Second, indexes introduce additional overhead when it comes to big data, but if you have the granularity of clustering/block level data pruning, combined with columnar compression, the gains can be enormous. Think efficient data pruning with specialized indexes as you start refactoring workloads. While this might sound like something every platform offers, it might be surprising to find out that is not the case.
Finally, another inefficiency we all deal with daily is in the reporting layer. There are reports that are run and re-run all day long. These reports could be aggregations that consume cpu cycles and possibly eliminate effectiveness of any resultset caching. What if a materialized view with automatic query rewrite can be used to reduce the impact of repeated scanning of data by accessing pre-calculated aggregates. This could translate to fewer compute nodes or cheaper nodes with fewer GBs for RAM, resulting in lower costs.
Here is an example of optimization technologies streamlining data access. Leveraging purpose-built indexes reduces the amount of data scanned to a fraction resulting in the fastest data experiences you can deliver.
Processing data efficiently can reduce infrastructure consumption, better customer experience, fewer calls to the help desk and thus helping control your spend. Clustering, analyzing, vacuuming consume people and infrastructure resources from a day two operations standpoint. Picking optimizations that do not require constant babysitting would be a great way to manage costs without adding a whole lot of day2ops burden.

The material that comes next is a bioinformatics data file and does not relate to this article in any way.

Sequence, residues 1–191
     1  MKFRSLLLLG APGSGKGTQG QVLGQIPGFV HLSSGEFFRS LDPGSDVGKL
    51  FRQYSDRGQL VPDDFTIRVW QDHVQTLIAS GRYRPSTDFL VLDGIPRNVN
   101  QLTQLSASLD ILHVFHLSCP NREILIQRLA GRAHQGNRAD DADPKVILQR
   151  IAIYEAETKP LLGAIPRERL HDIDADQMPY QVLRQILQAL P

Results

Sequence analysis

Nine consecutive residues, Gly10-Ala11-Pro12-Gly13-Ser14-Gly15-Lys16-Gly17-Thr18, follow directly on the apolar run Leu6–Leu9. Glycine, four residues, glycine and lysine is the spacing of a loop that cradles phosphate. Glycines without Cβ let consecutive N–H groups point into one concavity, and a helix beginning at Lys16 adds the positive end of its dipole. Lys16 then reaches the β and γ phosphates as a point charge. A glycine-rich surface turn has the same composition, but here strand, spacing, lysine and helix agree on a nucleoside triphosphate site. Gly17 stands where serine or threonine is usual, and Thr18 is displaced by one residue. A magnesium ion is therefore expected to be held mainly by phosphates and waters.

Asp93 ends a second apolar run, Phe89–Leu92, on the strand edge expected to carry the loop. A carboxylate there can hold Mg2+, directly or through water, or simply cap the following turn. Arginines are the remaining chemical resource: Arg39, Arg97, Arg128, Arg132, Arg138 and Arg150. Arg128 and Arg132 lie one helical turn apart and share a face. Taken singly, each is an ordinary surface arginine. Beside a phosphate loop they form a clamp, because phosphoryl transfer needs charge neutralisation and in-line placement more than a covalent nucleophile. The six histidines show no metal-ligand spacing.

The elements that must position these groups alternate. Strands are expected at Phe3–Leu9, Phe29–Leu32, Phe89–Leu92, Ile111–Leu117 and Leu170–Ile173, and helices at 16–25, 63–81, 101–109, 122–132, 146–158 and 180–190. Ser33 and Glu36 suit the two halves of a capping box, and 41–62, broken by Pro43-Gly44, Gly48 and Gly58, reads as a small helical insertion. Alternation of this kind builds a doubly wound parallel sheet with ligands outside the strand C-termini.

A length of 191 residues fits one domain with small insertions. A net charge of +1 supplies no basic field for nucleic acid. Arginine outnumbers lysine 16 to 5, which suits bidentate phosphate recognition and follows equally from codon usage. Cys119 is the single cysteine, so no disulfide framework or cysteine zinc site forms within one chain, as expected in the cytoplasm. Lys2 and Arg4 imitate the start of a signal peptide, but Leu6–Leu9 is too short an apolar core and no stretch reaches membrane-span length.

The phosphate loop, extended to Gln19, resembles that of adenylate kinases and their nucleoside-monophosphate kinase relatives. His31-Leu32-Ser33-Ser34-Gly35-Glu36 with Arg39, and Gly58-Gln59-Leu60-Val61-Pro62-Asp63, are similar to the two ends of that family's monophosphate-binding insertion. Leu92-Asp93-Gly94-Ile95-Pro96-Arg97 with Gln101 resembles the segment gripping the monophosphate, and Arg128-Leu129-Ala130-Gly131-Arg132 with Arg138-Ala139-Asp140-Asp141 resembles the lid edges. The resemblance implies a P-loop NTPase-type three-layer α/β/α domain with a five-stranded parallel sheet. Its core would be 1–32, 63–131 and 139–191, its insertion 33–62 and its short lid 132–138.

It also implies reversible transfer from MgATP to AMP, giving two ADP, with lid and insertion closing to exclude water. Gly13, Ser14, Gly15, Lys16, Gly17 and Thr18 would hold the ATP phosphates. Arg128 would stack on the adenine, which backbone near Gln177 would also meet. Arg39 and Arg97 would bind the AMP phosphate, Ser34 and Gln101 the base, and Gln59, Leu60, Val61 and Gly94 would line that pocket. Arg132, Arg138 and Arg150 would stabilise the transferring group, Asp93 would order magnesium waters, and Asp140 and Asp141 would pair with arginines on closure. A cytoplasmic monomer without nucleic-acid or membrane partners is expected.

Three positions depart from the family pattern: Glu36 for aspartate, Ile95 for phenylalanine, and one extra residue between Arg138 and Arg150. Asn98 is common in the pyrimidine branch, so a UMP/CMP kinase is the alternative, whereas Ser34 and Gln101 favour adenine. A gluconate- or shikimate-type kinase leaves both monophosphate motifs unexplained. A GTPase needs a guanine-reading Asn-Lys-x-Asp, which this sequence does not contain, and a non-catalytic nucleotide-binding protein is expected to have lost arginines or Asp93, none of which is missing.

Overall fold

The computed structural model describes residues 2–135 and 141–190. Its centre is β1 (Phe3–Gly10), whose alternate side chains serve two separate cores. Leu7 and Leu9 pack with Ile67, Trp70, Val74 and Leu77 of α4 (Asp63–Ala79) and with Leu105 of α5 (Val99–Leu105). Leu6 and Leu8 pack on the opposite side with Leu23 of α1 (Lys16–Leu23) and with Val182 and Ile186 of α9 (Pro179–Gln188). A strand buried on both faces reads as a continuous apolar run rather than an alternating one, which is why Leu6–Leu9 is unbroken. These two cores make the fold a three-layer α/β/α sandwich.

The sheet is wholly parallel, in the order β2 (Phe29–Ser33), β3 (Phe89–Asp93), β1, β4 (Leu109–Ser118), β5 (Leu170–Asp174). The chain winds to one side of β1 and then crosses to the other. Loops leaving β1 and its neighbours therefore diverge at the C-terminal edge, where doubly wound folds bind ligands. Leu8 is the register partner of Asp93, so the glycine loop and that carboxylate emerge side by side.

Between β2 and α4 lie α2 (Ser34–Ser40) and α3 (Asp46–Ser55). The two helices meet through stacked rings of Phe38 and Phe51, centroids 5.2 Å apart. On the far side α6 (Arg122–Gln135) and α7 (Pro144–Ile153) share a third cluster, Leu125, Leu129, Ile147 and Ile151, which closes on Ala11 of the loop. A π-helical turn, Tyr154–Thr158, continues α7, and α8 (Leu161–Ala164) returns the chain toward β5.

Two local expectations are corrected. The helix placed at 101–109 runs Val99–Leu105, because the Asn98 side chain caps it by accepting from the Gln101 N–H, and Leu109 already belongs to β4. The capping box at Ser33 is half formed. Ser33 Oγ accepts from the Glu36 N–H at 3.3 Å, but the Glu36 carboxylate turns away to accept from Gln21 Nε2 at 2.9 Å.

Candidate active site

Cost of delivering High Concurrency and Sub-second response times
One common pitfall in evaluating data warehouse technologies is that concurrency and response times typically take a back seat to feature-functionality. If the data warehouse cluster does not address your concurrency needs, the only option is to use multiple clusters. Auto scaling can relieve the operational burden in the form of multi-cluster warehouses, However, the variability in performance during cache warm-up and additional costs can leave a bad aftertaste.
Sub-second response time is a common requirement that most mainstream data warehouses struggle with. This has led to the rise of technologies like Druid, Pinot, Kylin, ClickHouse etc. However, these technologies come with their own set of challenges in terms of operational complexity, specialized skills and infrastructure sprawl. Point is sub-second latency has a high cost that can no longer be neglected.
Architecting for high concurrency, low latency queries up-front will optimize infrastructure and operational costs in the long run. Purpose-built solutions might be required alongside your existing data warehouse platform or a data warehouse that supports these types of use cases might be the right one to start with.